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Immigration Checks (London Airports)

Volume 474: debated on Monday 21 April 2008

6. What recent representations she has received on the time taken to complete immigration checks at London airports. (199726)

We have recently received a number of representations from a variety of stakeholders about the time that it takes to complete immigration checks at London airports. Records show that, in the past 12 months, there have been 19 parliamentary questions relating to queuing times.

Whatever the Minister might say about the average time taken to get through immigration being below the target level, the truth is that the situation is getting worse. That is creating a bad impression and undermining the reputation of a world-class city. What is the reason for that? What is going on? What steps is the Minister taking to improve the situation?

The growth in passenger numbers between 2005 and 2007 was about 5 and a bit per cent. Over the same period, the number of immigration officers increased by about 33 per cent. Obviously, that growth is now spread around a lot of different airports, so there are particular pinch points, and I think that Heathrow has become one of them. This is exactly why we have said that we will increase the budget for border control by 10 per cent. this year. That will mean 300 extra staff, and I am pleased to be able to say that 150 of those will be for Heathrow.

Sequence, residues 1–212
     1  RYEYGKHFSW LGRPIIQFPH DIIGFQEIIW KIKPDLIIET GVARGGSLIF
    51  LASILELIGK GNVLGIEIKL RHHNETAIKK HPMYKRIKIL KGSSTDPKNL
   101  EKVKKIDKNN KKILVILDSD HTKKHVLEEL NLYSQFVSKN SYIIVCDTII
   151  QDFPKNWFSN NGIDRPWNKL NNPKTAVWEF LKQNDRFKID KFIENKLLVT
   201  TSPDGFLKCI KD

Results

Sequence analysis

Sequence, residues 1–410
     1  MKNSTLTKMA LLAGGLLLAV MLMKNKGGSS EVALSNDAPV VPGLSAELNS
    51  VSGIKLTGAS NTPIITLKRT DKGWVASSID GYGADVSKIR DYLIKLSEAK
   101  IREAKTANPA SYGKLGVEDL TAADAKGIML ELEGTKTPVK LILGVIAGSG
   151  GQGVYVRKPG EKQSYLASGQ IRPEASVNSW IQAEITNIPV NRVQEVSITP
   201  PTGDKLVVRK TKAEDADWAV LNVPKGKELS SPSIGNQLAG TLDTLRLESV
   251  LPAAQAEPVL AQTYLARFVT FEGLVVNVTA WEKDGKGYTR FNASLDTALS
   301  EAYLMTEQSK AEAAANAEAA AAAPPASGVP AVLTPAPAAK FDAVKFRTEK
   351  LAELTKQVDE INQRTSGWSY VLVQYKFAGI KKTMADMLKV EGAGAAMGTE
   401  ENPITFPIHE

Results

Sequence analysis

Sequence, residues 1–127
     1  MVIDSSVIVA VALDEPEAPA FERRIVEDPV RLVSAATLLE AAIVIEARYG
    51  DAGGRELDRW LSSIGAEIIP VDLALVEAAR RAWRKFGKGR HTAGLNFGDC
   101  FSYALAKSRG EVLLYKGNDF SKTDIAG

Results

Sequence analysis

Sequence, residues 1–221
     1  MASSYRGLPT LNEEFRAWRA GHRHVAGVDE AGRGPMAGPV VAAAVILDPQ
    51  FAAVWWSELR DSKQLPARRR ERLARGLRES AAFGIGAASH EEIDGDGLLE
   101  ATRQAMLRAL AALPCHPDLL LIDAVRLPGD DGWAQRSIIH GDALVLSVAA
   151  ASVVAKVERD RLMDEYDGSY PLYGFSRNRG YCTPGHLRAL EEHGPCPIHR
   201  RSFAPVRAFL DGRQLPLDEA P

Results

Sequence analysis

What evidence is there that some of these hold-ups are caused by females of a particular religious sect who cover their faces and refuse to reveal them as they go through immigration? Is there any evidence that that is causing problems?

There is no evidence of that. Everyone is required to identify themselves as directed by an immigration officer. If an identity is ever in any doubt, immigration officers will not hesitate to check a person’s fingerprints as well.

Would not the time taken to carry out immigration checks be speeded up if fewer work permits were issued for overseas workers to come to this country, and if the Government heeded the central conclusion of the House of Lords Economic Affairs Committee, which states that

“we have found no evidence for the argument, made by the Government, business and many others, that net immigration…generates significant economic benefits for the existing UK population”?

That blows out of the water the case that has just been made by the Home Secretary, although I have no doubt that it will not stop her making it. Will the Government actually listen to the evidence that has been produced by that expert Committee?

I am not sure whether that was a call by the Conservatives for a policy of zero immigration. I hope that the hon. Gentleman will have a chance on Thursday to unpack some of those comments in greater detail.